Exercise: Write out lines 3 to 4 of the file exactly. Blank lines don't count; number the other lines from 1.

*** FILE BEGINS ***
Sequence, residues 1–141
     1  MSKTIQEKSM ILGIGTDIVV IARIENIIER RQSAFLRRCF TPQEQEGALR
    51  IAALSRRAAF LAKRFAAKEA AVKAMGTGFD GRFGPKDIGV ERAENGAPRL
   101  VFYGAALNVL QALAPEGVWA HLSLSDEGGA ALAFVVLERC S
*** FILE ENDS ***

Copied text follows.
    51  IAALSRRAAF LAKRFAAKEA AVKAMGTGFD GRFGPKDIGV ERAENGAPRL
   101  VFYGAALNVL QALAPEGVWA HLSLSDEGGA ALAFVVLERC S